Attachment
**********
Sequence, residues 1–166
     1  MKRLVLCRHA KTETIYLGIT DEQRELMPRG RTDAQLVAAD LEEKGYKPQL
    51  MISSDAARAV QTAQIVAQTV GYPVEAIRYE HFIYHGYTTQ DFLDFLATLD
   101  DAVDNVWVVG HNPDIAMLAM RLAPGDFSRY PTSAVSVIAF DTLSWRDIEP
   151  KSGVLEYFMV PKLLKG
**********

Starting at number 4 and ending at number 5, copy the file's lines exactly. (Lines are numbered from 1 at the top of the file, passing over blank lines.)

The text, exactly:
   101  DAVDNVWVVG HNPDIAMLAM RLAPGDFSRY PTSAVSVIAF DTLSWRDIEP
   151  KSGVLEYFMV PKLLKG